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Thanks.

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- Thread starter erkokite
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- #1

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Thanks.

- #2

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Suppose you were to chose a starting point greater than any +ve root?

- #3

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As far as I know there is no method that can guarantee anything.

- #4

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I agree with both comments already posted. Pure Newton's method, if it finds a solution (not guaranteed to find one), will find the one closest to the starting point, which isn't necessarily the desired one.

Having said that, there are things you can potentially do, depending on the details of the specific problem you have. One is to try several different starting points and hope that you'll eventually find one that produces the result you want. If the problem has only 1 variable, it should be straightforward to plot f(x) vs x and graphically (or analytically) find an approximate root that you want, and use it as a starting point in Newton's Method.

I believe there is a fair body of publication material on the general topic of optimization with inequality constraints (i.e. minimize f(x) where x >= 0). There might be similar info on finding zeros of functions, I really don't know much about them.

A couple of methods I'm aware of are based on a user defined range for the solution. One is Brent's Method:

http://en.wikipedia.org/wiki/Brent's_method

Another is a random method, where f(x) is calculated for randomly generated values for x (within user specified limits), ranked according to value of f(x), a new range defined from the ranking, then repeat.

In both cases, the result could be used as a starter for Newton's Method, but does require you to specify an upper bound on the solution (lower bound would be zero), which may not be straightfoward.

Having said that, there are things you can potentially do, depending on the details of the specific problem you have. One is to try several different starting points and hope that you'll eventually find one that produces the result you want. If the problem has only 1 variable, it should be straightforward to plot f(x) vs x and graphically (or analytically) find an approximate root that you want, and use it as a starting point in Newton's Method.

I believe there is a fair body of publication material on the general topic of optimization with inequality constraints (i.e. minimize f(x) where x >= 0). There might be similar info on finding zeros of functions, I really don't know much about them.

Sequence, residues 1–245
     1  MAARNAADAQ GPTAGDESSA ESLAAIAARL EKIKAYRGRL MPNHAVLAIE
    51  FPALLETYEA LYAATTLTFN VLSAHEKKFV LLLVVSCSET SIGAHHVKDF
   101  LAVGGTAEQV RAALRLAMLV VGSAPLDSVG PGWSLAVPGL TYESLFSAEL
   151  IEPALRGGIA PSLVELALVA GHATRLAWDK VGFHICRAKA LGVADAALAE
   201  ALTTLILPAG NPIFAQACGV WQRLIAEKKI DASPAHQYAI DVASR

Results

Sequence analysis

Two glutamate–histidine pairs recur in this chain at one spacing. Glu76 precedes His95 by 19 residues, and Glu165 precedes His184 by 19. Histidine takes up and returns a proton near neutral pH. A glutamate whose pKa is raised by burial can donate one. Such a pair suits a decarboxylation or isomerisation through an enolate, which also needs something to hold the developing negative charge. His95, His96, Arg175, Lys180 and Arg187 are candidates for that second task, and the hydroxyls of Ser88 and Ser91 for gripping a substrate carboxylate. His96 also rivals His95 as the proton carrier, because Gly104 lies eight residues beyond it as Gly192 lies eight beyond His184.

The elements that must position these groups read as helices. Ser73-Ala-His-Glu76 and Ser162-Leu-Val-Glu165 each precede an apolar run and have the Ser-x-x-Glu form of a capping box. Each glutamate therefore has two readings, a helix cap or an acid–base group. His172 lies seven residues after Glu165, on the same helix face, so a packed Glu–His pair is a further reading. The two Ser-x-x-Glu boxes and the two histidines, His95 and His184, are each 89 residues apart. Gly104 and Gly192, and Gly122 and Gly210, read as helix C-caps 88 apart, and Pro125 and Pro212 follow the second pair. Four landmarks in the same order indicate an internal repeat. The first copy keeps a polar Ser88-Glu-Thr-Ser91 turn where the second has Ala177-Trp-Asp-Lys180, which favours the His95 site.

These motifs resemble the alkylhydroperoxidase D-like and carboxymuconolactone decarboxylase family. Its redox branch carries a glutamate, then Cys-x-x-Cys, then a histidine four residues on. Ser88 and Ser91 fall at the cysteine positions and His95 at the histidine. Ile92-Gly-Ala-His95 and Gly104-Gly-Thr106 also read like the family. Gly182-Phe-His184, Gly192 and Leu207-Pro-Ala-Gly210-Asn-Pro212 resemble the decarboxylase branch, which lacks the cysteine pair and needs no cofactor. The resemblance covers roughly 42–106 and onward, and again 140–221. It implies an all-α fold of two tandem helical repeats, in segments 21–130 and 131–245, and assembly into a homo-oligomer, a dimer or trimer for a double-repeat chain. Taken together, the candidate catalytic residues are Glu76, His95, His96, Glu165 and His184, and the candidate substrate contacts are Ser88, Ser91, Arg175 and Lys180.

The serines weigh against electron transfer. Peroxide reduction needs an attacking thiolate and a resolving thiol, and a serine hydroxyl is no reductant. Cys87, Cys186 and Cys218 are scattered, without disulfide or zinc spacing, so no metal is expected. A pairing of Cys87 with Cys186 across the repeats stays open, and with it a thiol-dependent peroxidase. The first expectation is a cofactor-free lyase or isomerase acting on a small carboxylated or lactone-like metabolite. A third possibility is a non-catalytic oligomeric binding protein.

A couple of methods I'm aware of are based on a user defined range for the solution. One is Brent's Method:

http://en.wikipedia.org/wiki/Brent's_method

Another is a random method, where f(x) is calculated for randomly generated values for x (within user specified limits), ranked according to value of f(x), a new range defined from the ranking, then repeat.

In both cases, the result could be used as a starter for Newton's Method, but does require you to specify an upper bound on the solution (lower bound would be zero), which may not be straightfoward.

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- #5

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Pure Newton's method, if it finds a solution (not guaranteed to find one), will find the one closest to the starting point

I don't think so.

Starting point x, yet solution found is x1, not x0. You need additional conditions for the statement to be true.

- #6

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I don't think so.

Ah, right you are. I stand corrected.

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You're welcome

- #8

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To elaborate on Borek's comment, you can take additional steps to increase the odds of finding the root nearest to the starting point. One option is to take partial Newton steps, that is, use x_{i+1} = x_{i} - mu*f/f', where mu is between 0 and 1. The smaller mu is, the more steps are needed to converge, but the less likely to miss the nearest root.

Another option would be to use a higher order method such as Halley's method that utilizes the 2nd derivative as well as the first derivative.

http://en.wikipedia.org/wiki/Halley's_method

Another option would be to use a higher order method such as Halley's method that utilizes the 2nd derivative as well as the first derivative.

http://en.wikipedia.org/wiki/Halley's_method

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- #9

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You haven't told us about your function or even if it is continuous as you require derivatives for N.

If you can get close enough to the root to start with real world functions will, in general, converge.

So if the distance between the greatest root and X

I am aware that it is always possible to construct counter examples, but you should stake out your territory beforehand.

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